The union has not seen one labor law changed in the benefit of the worker. The worker is always the sacrificial lamb.  We have seen the pension age increase twice with the possibility of a third increase.  Where is the benefit for the worker while all they hear fancy words like resilient and hardworking and survivors?  It is expected for the worker to be all of the above with the unjust hand that is being dealt to them. 

The union is once again asking what is there to celebrate? Take those finances and give it to the workers to plant a tree of appreciation in the mind and pockets of the workers.

The union is once again this time publicly asking the decision-makers to give the working class a reason to celebrate by at the least setting the following into motion:

  • Implement a living wage. (use the amount paid on the French Side as an example)
  • Abolish the six-month contract.
  • Index the wages; Pay the COLA that is owed
  • Adjust the worker's salary yearly with the cost of living adjustment
  • Implement Price controls on basic goods in the supermarkets
  • Control the cost of Electricity

Give the working class a reason to celebrate. 

PARIS (AP) — A Congolese activist was fined 2,000 euros ($2,320) on Wednesday for trying to take a 19th-century African funeral pole from a Paris museum in a protest against colonial-era injustice that he streamed online. A Paris court convicted Emery Mwazulu Diyabanza and two other activists of attempted theft, but the sentence stopped far short of what they potentially faced for their actions at the Quai Branly Museum: 10 years in prison and 150,000 euros in fines. Activists and defense lawyers viewed the case as a trial about how former empires should atone for past crimes. Diyabanza’s museum action took place in June, amid global protests against racial injustice and colonial-era wrongs unleashed by George Floyd’s death in the U.S. Floyd, a Black man in handcuffs, died May 25 after a white police officer pressed his knee against Floyd’s neck for several minutes while Floyd said he couldn’t breathe.

LONDON (AP) — Herbert Kretzmer, the journalist and lyricist best known for his English-language adaptation of the musical Les Miserables, has died. He was 95. His family confirmed Wednesday that Kretzmer died after a long illness with Parkinson’s disease at the London home he shared with his second wife, Sybil Sever. Tributes poured in from giants of the London stage, including theatrical producer Cameron Mackintosh, singer Elaine Paige and lyricist Tim Rice. Les Miserables producer Mackintosh said Kretzmer was instrumental in bringing Victor Hugo’s classic tale of defiance and redemption in early 19th century France to the stage in English in October 1985, five years after it had opened in Paris.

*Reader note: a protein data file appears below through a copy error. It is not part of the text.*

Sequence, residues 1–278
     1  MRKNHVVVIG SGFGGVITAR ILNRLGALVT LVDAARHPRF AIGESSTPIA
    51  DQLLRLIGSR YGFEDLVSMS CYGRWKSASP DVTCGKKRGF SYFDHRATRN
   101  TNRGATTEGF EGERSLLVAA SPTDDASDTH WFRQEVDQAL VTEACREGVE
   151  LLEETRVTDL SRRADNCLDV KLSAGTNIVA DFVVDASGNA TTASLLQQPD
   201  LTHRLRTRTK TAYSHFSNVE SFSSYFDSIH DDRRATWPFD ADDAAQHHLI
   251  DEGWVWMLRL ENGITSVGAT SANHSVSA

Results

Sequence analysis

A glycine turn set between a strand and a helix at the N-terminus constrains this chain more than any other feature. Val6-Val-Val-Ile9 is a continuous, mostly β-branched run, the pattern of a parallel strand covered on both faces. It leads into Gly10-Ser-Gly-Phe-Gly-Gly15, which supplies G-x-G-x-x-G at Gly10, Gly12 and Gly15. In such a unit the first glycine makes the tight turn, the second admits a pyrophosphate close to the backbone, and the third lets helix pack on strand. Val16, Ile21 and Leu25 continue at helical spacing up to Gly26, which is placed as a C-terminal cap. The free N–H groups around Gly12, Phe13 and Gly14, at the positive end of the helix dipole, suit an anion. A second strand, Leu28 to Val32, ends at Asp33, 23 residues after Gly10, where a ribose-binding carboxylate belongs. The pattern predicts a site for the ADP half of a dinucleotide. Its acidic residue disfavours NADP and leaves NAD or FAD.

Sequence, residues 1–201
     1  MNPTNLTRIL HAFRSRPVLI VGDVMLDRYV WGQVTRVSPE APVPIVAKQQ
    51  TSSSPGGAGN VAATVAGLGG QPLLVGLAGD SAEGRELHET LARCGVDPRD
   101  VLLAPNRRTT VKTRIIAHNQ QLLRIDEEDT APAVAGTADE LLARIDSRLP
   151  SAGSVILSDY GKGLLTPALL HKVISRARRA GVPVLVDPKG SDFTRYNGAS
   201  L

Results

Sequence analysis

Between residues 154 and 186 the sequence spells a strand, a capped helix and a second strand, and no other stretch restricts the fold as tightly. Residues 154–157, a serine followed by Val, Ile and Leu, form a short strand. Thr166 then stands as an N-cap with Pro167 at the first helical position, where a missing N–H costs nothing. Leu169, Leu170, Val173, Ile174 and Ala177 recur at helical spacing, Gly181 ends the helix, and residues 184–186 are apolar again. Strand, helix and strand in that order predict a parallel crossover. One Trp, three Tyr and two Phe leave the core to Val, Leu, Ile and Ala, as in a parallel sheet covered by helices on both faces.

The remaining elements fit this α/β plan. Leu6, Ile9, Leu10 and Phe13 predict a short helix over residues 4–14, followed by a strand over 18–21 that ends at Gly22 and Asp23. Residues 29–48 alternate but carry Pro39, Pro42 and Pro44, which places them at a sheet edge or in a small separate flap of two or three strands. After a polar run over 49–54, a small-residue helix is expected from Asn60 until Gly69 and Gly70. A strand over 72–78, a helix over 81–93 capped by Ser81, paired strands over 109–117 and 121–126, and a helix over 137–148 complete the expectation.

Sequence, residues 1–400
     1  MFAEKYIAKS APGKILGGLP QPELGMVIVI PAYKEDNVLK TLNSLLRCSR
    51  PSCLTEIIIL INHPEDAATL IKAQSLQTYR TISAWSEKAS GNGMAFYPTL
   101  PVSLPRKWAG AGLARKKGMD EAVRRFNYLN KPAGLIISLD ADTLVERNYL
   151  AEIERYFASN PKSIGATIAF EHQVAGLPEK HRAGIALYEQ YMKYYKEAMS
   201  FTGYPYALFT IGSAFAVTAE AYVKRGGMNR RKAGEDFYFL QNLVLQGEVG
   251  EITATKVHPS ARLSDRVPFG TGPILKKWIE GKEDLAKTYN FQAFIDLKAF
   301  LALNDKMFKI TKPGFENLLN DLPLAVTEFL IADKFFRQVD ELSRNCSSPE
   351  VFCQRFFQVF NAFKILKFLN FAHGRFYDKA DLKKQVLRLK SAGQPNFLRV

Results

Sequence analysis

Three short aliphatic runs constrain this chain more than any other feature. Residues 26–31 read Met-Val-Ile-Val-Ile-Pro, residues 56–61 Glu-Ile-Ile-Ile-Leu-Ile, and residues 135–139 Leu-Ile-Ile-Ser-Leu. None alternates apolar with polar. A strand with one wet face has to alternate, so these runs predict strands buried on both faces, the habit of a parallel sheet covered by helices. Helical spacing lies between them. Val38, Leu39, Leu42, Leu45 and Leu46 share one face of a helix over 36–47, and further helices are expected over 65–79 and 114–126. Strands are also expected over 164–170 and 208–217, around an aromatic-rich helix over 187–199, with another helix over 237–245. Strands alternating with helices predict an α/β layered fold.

NEW YORK (AP) — Stevie Wonder released two new songs Tuesday reflecting the current times that he hopes inspires change. The piano-playing icon dropped the tracks “Where Is Our Love Song” and “Can’t Put It In the Hands of Fate,” which he also announced would be released through his new label So What the Fuss Music, distributed through Universal Music Group’s Republic Records (Wonder was signed to Motown Records for the majority of his career).

LOS ANGELES (AP) — Conchata Ferrell, who became known for her role as Berta the housekeeper on TV’s “Two and a Half Men” after a long career as a character actor on stage and in movies, including “Mystic Pizza” and ”Network,” has died. She was 77. Ferrell died Monday at Sherman Oaks Hospital in Los Angeles following cardiac arrest, according to publicist Cynthia Snyder. Ferrell soldiered through more than a decade on “Two and a Half Men,” playing opposite Charlie Sheen and Jon Cryer until Sheen was fired from the sitcom for erratic behavior that included publicly insulting producer Chuck Lorre.